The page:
#3 Exercise—without sweating and without a gym. Sound too good to be true?
The type of exercises we are referring to is not your typical workout. We are talking about pelvic floor rehabilitation. Pelvic floor rehabilitation describes an approach to improving the strength and function of the muscles that support your pelvic floor. Many theories exist for pelvic floor rehabilitation; the first was described by Dr. Arnold Kegel. Dr. Kegel is a legendary obstetrician who proved the effectiveness of pelvic floor exercises. Since 1942, ‘Kegel exercises’ have been the foundation for improving pelvic floor strength. Dr. Peter Petros, an Australian urogynecologist, expanded on Dr. Kegel’s theory. Dr. Petros describes the pelvic floor is an interrelated system of organs, muscles, nerves, and connective tissue structures. To improve the function of the pelvic floor, we must restore the structure (Petros, 2010). We have adopted Dr. Peter Petros ‘Integral Theory’ approach.
So, how do we exercise the pelvic floor?
Performing Kegel exercises involves squeezing the pelvic floor muscles upward, similarly to the muscles used to hold back gas. In addition to the traditional Kegel, the Integral Theory suggests adding a squatting type exercise. The addition of the squatting exercise improved the natural closure of the muscles within the urethra (Petros, 2010).
Lucky for us, Dr. Petros realized although Kegels and squatting are simple and effective, most of us just do not make the time to perform them consistently. He found simply sitting on a ‘fitball’ at work and/or at home in place of a chair strengthens the same muscles as a squatting exercise (Petros, 2010).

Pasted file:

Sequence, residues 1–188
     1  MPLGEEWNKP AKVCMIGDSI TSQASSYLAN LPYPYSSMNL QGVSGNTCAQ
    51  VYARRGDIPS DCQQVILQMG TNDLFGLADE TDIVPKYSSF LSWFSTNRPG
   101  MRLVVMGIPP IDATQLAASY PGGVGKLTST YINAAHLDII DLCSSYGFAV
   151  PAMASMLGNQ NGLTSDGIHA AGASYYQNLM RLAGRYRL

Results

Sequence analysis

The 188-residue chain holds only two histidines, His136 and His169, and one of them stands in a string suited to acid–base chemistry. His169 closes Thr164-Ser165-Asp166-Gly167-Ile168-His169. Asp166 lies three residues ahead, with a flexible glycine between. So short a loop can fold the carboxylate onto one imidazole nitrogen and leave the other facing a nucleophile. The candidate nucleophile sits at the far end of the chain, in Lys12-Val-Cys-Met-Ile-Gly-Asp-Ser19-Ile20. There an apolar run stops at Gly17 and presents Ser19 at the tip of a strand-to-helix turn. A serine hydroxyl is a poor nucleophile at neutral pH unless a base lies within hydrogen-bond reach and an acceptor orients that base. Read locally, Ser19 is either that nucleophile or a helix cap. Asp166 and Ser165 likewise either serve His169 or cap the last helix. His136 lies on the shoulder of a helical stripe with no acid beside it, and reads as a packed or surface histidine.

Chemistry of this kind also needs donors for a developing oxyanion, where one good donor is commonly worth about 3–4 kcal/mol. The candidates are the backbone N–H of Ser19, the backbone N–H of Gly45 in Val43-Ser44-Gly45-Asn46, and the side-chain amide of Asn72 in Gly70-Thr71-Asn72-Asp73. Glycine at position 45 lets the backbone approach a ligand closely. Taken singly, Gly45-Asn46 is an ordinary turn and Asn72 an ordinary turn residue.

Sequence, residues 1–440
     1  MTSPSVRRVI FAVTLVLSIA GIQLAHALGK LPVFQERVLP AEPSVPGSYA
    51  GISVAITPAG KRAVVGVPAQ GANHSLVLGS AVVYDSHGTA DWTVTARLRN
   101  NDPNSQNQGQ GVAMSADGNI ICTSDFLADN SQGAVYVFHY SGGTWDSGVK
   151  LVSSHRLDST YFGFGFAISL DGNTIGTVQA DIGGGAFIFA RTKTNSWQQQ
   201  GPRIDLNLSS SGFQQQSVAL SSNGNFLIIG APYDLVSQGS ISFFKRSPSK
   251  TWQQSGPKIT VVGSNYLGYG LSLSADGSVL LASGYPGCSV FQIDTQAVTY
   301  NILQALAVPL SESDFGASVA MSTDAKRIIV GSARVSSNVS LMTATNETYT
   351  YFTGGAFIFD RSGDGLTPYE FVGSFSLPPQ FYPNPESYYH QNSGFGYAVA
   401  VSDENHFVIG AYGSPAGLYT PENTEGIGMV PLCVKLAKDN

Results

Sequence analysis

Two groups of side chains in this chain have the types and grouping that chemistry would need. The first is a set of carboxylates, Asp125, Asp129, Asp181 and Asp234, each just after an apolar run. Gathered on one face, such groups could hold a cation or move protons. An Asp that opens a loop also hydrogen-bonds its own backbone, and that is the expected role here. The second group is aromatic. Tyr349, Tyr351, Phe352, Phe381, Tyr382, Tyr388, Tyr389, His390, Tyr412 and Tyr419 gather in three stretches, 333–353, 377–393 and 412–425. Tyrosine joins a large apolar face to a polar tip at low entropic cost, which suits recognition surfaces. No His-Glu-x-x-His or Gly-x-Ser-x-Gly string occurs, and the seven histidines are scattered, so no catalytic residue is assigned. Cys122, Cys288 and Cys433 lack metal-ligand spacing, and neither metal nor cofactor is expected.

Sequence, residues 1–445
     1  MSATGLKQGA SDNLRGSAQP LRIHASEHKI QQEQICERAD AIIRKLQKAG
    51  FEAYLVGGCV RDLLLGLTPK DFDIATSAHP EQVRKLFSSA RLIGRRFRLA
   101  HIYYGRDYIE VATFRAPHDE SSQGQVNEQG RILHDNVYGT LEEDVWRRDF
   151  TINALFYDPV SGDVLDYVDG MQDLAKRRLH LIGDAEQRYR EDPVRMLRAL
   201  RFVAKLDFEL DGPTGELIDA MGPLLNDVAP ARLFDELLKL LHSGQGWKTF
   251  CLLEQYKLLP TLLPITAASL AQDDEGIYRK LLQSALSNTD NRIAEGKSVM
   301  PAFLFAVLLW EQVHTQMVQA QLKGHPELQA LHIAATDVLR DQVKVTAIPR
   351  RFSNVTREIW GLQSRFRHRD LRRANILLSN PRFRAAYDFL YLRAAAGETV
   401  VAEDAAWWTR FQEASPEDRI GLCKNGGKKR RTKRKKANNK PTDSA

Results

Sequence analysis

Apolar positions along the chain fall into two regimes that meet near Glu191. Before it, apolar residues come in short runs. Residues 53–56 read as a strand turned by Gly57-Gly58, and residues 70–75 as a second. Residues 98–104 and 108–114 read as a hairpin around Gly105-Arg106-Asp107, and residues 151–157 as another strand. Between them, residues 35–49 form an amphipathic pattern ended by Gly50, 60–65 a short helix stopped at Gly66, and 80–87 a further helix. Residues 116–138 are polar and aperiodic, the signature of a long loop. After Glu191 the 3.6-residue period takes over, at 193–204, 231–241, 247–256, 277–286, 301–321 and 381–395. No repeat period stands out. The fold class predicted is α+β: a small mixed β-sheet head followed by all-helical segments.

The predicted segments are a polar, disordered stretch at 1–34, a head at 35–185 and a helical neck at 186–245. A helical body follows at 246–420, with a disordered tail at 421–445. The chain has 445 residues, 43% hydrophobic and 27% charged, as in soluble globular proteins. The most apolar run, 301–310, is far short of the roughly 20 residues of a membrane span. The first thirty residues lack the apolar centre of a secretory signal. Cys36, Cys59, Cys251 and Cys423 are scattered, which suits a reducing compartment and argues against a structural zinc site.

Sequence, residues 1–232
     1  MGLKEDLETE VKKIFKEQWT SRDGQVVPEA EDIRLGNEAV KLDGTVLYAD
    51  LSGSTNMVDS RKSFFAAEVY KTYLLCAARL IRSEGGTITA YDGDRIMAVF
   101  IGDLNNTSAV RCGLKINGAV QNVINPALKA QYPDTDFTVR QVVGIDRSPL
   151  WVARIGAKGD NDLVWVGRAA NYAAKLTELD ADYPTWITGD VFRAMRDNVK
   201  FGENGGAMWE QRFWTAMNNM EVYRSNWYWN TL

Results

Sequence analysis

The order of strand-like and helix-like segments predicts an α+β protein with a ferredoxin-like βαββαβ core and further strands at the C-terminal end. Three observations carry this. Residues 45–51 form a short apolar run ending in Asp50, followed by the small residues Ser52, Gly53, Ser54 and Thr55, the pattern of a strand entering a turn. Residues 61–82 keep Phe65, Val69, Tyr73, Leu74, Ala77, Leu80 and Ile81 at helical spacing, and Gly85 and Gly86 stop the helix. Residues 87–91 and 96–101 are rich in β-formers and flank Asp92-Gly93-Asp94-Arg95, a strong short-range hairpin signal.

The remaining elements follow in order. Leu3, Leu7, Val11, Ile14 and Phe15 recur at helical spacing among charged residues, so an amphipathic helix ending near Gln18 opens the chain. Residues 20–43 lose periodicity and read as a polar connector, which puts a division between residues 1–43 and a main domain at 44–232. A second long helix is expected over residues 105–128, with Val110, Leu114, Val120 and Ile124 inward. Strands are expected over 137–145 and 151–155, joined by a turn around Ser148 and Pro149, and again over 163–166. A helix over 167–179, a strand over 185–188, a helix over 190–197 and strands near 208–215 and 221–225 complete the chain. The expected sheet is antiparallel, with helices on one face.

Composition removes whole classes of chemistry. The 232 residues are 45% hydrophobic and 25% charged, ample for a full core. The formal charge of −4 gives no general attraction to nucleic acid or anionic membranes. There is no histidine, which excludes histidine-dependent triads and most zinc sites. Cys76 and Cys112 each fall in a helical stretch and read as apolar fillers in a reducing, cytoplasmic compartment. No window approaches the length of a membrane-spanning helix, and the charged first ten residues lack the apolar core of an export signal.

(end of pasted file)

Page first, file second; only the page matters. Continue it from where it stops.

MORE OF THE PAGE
There you go, Tip #3, sit on a ‘fitball’ instead of a chair.
To make a lifestyle change you must ask yourself ‘can I do this forever?’ If the answer is yes, then you will likely be able to easily incorporate it into your daily routine. The above tips are just the tip of the iceberg when it comes to healthy lifestyle changes. If you are not sure where to start, don’t be shy to ask your healthcare provider for guidance.
IC Network (2016). Diet Modification Can Reduce Bladder Symptoms & Pain. Retrieved December 3rd,
American Urologic Association (2014). Diagnosis and Treatment Interstitial Cystitis/Bladder Pain
Syndrome. Retrieved December 3rd, 2017 from http://www.auanet.org/guidelines/interstitial-cystitis/bladder-pain-syndrome-(2011-amended-2014)
Petros, P. (2010). The Female Pelvic Floor, Function, Dysfunction, and Management According to the
Integral Theory. Germany: Spinger-Verlag Berlin Heidelberg.
Swenson, C., Kolenic, G., Trowbridge, E., Berger, M., Lewicky-Gaupp, C., Margulies, R., et al., (2017).
Obesity and stress incontinence in women: compromised continence mechanism or excess
bladder pressure during cough? International Urogynecology Journal, 28, 1377-1385.